But your points are well taken and spot on. Many thanks for enhancing the post, I’ll make sure to share this as well.

      • Thanks in turn for your thoughtful response, Ryan. Perhaps instead of the word “jealousy” I should have clarified that your point sounded like but clearly was not actually ranking oppressions – because, knowing the thoughtful and tremendous work that the Special Olympics does, I know that’s not what you intended.

        Maybe, when we’re talking about activism, we need to always think about whether we’re using the active or passive voice. It sounds silly, but the grammar in which we write literally translates into how we’re thinking about our own role in the situation.

        This whole conversation points to an interesting turn that non-profits and activism are taking in this 21st-century as they struggle to integrate the organic profusion of “voices” in social media. Some post-modern social theorists must already be writing about it, while in the meantime, program managers like you and I work to figure out how to integrate social media and “social movement” in to the work of established twentieth century non-profits. It’s particularly unique to our movement of/for people with IDD, which is what makes our work exciting!

        Thanks for the stimulating thoughts during my workday,
        May Tulin
        Program Manager
        Best Buddies California, Bay Area

  10. It’s sad to say, but hatefulness, bigotry, and downright ignorance have become the mainstays of “comedy” offerings at the movies over the past few years – I’ve simply stopped going to see anything that would stoop so low.

    Personally, I’d remove the movie name hashtag from the tweets as well… in a sick fashion, the studio probably considers any mention of the movie as promotion.

    Keep fighting the good fight.

  11. Here is what i wrote on the feedbak form about the movie, The Change Up:Was it really necessary to use the word retarded and then say they baby looked Downsie? I have a son with Down syndrome and he has respectfully asked people not to use the “r”word. Jews don’t like the “k” word, blacks abohr the”n”word and and civilzed people everywhere condemn them all.

  12. Excellent post and perspective, Ryan. I’d read about this last week, it’s absolutely vile. I am going to go raise some awareness and hell about it.

  13. While I completely agree with the main point of your post, this bit:
    “replace the word “gay” with “retarded” and I dare you to find one part that doesn’t transcend. Then keep asking yourself, “Why is the outcry for one injustice heard so much louder than another?”
    … smacks of oppression olympics. I know that’s not your intent, but that may be the effect, none-the-less. So, everyone, try not to hate on the lgbt folks for making a bigger public splash. We can—and should—all work together towards *everyone’s* anti-discrimination/-bigotry goals!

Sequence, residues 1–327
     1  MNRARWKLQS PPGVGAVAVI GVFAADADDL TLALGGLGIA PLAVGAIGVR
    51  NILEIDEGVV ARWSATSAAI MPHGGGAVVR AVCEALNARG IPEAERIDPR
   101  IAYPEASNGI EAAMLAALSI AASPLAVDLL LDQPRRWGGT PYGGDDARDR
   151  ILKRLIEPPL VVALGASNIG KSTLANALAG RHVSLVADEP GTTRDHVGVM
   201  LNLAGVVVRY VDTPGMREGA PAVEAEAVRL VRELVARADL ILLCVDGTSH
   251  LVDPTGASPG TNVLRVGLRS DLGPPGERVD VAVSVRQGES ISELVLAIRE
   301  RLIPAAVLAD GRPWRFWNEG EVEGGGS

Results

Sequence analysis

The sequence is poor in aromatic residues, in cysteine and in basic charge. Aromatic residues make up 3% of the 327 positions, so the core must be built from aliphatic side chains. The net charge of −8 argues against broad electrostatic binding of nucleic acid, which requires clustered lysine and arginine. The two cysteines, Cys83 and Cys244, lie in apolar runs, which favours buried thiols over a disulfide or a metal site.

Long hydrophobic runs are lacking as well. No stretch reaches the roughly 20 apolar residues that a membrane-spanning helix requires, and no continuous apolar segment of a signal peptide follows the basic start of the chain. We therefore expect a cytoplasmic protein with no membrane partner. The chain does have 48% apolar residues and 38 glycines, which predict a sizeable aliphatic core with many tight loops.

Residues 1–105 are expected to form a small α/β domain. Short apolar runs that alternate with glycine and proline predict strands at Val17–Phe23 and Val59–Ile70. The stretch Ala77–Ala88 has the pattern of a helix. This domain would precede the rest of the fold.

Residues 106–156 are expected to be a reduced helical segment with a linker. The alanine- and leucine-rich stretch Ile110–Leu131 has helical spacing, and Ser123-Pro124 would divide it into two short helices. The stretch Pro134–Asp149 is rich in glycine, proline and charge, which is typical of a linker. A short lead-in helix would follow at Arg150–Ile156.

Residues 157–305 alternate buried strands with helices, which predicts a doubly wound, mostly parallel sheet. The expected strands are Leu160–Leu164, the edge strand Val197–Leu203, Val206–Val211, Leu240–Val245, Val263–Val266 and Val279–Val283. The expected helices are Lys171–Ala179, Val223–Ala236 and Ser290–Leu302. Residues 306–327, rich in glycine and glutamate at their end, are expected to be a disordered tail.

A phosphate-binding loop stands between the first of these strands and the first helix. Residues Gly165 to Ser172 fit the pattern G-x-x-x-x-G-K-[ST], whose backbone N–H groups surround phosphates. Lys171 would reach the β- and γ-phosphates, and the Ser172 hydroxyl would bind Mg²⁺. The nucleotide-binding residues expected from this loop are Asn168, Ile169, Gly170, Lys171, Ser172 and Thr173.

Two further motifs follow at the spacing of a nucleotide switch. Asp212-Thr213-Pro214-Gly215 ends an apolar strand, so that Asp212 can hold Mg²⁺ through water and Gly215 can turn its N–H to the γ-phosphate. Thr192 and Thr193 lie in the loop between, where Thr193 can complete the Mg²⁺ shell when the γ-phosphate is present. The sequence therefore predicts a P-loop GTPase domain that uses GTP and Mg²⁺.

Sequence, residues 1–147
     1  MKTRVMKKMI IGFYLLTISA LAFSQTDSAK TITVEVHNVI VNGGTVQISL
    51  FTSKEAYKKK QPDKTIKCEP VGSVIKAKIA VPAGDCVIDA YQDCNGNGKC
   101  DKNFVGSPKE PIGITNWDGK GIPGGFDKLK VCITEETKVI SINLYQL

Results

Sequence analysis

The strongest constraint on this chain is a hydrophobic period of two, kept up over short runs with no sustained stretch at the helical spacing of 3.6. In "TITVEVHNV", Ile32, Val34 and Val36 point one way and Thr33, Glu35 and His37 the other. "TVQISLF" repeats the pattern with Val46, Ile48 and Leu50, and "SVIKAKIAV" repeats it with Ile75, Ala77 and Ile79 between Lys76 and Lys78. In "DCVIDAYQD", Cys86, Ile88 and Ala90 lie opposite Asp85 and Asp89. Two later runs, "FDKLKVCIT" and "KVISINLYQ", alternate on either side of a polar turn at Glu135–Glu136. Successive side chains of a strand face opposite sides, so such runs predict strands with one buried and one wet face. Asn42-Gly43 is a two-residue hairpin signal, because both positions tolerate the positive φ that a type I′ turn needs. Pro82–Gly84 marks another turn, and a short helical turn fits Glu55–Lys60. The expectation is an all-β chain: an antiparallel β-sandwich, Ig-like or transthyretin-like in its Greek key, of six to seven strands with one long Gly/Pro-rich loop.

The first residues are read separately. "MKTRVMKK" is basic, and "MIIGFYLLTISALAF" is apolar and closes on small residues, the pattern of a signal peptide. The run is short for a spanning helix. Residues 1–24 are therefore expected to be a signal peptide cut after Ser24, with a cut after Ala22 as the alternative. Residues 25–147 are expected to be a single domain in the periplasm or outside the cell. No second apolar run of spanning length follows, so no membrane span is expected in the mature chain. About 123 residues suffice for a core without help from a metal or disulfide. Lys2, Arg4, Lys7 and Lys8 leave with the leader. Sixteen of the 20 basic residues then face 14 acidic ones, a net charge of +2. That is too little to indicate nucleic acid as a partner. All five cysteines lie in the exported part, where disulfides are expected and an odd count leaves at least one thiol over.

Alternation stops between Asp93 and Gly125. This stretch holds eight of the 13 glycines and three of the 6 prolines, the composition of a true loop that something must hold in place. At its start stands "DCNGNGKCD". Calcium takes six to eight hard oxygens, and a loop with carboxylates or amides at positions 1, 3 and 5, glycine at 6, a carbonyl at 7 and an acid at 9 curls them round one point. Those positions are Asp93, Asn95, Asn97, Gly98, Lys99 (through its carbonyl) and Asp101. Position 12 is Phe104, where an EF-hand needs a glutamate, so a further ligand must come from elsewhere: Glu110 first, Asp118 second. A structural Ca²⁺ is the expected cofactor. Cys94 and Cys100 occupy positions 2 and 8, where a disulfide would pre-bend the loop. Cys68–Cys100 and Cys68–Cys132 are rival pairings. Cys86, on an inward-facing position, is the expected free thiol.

• Totally agree Stephen, apologies if it came across in such a manner. We’ve worked with the GLAAD folks on a few occasions and they are terrific. What I was hoping would come across was a reflection on society as a whole willing to hear and act upon one message more than another, when in fact they are all the same message – respect all human dignity and all human rights equally. Appreciate you giving me the chance to clarify and thanks for your support.

  14. I am appalled by this and shared the story on FB. In light of the recent murder of a special-needs child (story on Huffpost), it is time for people to realize using language like this is not only insulting and demeaning, but dangerous. It is not fostering sorely-needed understanding of the disabled, who have much to offer and much to teach society, and paints them as sub-human or defective. It may seem like a simple joke to some, but the implications are far-reaching and irresponsible. I have seriously lost all respect for Jason Bateman, and what little I may have had for Reynolds is completely gone now.

  15. If you start a tweet with @____ only your followers who follow both you and that person will see it in their stream – you need to put another word or symbol in front of those tweets to get a real impact – like this:

    . @UniversalPics thinks bigotry is acceptable. I think they are wrong. Help me remove the #Rword from #TheChangeUp. http://j.mp/oEIPKP

    Just want to be sure the tweets aren’t getting lost and are making a difference!

  16. I tried to comment on the Facebook pages of both Universal and the movie and was unable to get through. I sent emails to the people listed as well as Anderson Cooper. Let me know how else I can help.

    • Thanks Mary. Unfortunately Universal removed the ability for “fans” of their pages to comment on the walls. Appreciate the support!

  17. Has anyone asked Ellen or Anderson to help us fight this? Which high profile people are most likely to understand our why this is such a problem and help?